Remember Palcohol, the powdered alcohol that when, mixed with water, is supposed to be the equivalent of one drink or shot of booze? Palcohol can’t even see store shelves from where the product is standing at this point, after first being an approved product and then having that approval yanked by regulators. But if and when it finds its way to the public, some states are preparing to keep it from shelves before it ever gets the chance to hit them.
Colorado is the latest state to join those considering banning Palcohol out of concerns it could increase underage drinking, reports the Associated Press.
“I think being proactive and jumping out in front of the problem is probably the right thing to do,” said Chris Johnson, executive director of the County Sheriffs of Colorado. “It really doesn’t have any place in our society, powdered alcohol. We have enough problems with the liquid kind.”
He says he’s worried the powdered rum or vodka will be tempting for kids to “sprinkle it on top of their Wheaties for breakfast.”
A state representative is sponsoring a bill to ban powdered alcohol in Colorado during the legislative session that begins next month.
One thing is for sure, you won’t see it in Alaska, Delaware, Louisiana, South Carolina and Vermont, as all those states have already banned powdered alcohol, according to the National Conference of State Legislatures. Minnesota, Ohio, and New York also are considering bans.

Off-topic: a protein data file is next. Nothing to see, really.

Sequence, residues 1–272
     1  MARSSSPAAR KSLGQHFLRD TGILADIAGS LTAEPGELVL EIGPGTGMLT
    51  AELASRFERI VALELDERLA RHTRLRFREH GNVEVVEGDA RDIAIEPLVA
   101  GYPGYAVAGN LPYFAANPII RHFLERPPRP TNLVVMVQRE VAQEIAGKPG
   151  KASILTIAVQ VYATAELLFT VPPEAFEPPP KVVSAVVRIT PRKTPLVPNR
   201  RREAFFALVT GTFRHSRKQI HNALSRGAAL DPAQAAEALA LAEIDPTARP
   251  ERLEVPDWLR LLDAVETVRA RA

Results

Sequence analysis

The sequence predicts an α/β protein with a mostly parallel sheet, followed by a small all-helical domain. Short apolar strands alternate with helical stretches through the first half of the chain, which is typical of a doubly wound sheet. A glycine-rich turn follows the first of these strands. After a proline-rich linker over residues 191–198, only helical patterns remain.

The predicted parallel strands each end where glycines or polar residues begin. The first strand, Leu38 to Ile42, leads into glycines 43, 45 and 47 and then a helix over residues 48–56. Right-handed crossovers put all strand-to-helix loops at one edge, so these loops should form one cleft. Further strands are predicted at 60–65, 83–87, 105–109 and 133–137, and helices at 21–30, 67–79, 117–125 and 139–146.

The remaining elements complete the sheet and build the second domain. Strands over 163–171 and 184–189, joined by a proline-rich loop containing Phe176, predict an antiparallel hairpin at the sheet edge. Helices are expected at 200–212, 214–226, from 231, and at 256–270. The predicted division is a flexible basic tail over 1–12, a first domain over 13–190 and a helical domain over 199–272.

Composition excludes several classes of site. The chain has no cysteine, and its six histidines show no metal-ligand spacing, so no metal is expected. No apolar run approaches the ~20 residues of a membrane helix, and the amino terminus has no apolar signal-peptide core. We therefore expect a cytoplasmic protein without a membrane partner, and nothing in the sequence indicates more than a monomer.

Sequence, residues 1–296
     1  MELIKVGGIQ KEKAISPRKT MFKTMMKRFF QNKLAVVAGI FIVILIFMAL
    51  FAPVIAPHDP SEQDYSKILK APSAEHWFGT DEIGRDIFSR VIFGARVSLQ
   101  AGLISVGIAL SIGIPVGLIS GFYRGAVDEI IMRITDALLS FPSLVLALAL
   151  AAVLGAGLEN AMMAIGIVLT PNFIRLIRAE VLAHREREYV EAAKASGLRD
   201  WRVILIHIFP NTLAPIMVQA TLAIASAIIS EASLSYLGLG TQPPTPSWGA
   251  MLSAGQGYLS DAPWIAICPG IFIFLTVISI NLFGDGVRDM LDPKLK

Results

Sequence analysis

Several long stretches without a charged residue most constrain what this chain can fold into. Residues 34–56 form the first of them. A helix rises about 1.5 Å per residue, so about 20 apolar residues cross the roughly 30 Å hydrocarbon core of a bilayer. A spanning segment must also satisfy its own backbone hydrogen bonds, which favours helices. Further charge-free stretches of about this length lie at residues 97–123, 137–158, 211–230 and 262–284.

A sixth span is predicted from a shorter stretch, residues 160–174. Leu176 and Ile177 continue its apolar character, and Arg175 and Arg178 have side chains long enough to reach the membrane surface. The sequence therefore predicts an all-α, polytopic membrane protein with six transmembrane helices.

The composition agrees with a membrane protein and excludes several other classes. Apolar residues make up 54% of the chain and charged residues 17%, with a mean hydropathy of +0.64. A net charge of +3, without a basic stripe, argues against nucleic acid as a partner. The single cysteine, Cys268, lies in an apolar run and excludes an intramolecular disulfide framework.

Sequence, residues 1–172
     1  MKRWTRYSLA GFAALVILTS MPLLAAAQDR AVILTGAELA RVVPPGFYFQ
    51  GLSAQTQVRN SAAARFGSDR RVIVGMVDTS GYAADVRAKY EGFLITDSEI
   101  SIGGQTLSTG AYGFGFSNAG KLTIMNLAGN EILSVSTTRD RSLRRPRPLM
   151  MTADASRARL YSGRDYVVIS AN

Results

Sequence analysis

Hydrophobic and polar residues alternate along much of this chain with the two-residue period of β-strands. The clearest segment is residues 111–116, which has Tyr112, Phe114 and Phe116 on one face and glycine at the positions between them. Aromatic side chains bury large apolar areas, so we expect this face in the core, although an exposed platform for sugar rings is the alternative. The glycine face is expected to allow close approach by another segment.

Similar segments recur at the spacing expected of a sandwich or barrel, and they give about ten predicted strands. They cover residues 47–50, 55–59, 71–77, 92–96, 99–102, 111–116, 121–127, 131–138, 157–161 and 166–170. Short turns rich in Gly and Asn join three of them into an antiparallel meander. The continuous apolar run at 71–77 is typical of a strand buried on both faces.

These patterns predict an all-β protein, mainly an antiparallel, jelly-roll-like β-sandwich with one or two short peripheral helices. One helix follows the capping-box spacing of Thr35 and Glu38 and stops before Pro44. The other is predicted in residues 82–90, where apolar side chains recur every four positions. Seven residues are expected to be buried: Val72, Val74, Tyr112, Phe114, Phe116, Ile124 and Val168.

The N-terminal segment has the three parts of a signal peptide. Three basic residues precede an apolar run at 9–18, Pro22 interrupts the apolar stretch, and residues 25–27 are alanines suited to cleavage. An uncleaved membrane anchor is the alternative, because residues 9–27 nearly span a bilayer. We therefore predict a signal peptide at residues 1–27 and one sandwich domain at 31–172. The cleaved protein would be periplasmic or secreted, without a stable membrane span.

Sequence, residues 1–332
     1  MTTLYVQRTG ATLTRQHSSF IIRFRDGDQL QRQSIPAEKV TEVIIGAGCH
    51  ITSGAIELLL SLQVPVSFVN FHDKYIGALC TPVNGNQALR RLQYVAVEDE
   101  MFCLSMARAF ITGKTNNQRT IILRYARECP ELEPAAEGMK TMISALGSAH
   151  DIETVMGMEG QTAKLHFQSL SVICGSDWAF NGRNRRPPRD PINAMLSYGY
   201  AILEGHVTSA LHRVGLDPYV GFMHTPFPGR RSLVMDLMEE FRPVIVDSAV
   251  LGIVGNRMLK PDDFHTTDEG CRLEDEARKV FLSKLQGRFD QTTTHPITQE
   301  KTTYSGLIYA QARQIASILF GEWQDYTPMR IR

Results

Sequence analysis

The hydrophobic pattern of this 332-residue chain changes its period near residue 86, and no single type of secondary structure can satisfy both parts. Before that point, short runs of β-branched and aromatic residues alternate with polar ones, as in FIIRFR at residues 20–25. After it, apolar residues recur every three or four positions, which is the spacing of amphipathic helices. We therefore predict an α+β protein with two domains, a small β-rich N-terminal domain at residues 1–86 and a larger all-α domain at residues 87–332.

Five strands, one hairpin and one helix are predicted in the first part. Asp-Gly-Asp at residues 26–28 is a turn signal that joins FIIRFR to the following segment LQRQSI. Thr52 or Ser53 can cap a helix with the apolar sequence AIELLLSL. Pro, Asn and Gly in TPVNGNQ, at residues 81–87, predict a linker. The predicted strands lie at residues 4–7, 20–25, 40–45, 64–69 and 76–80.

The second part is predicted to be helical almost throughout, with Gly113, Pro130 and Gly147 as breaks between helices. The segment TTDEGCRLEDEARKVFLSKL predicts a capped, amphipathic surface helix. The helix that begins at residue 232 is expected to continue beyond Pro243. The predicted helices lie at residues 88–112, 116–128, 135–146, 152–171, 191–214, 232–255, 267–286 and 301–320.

The company behind Palcohol says it won’t be available to buy until spring 2015 at the earliest, as there are still kinks to be worked out and labels to be approved by the Alcohol and Tobacco Tax and Trade Bureau.
So is it going to be a reality? It sounds like it at this point, unless you live in a state that bans it: The Food and Drug Administration won’t be stepping up against it, as it says it doesn’t have the legal basis to block it after checking out the non-alcoholic ingredients in the powder.
The creators of the powder say it’s just meant to be convenient for things like long hikes, airplane rides or anywhere you need alcohol but don’t want to carry liquid. Palcohol’s director of communications says states should be working on controlling the product and how it’s sold instead of banning it outright.
“We believe it should be regulated and taxed,” she said in an email.
Colorado considers pre-emptive ban on powdered alcohol [Associated Press]